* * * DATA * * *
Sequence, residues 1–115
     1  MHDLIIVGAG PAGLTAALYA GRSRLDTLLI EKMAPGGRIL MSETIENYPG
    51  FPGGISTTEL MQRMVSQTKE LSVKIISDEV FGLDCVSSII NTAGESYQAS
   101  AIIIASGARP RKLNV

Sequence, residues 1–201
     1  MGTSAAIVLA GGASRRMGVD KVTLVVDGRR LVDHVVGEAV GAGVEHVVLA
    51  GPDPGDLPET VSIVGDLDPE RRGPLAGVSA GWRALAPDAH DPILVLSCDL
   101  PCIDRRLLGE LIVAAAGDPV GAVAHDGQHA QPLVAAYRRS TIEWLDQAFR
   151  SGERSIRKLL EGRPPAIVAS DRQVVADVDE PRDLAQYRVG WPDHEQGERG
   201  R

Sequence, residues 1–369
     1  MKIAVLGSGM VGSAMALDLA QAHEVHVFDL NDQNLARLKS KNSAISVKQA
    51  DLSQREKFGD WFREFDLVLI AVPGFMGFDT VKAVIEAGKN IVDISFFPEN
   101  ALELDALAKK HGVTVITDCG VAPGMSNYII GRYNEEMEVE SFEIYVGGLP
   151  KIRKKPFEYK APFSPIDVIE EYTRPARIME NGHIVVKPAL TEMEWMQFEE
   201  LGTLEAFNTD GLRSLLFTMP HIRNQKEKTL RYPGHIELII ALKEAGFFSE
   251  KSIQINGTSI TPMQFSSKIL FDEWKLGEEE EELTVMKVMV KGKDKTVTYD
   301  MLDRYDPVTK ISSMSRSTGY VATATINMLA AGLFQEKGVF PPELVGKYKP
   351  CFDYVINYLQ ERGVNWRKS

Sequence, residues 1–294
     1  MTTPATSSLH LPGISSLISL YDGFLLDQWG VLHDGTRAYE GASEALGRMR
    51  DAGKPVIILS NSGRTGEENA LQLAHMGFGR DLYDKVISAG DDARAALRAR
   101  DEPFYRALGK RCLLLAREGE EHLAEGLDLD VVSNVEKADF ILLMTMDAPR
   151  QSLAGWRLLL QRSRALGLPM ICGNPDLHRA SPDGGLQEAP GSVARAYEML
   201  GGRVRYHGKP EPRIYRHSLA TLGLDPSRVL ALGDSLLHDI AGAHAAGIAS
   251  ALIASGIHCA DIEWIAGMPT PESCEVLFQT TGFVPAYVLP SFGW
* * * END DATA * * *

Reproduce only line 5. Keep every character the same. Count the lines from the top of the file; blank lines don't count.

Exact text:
Sequence, residues 1–201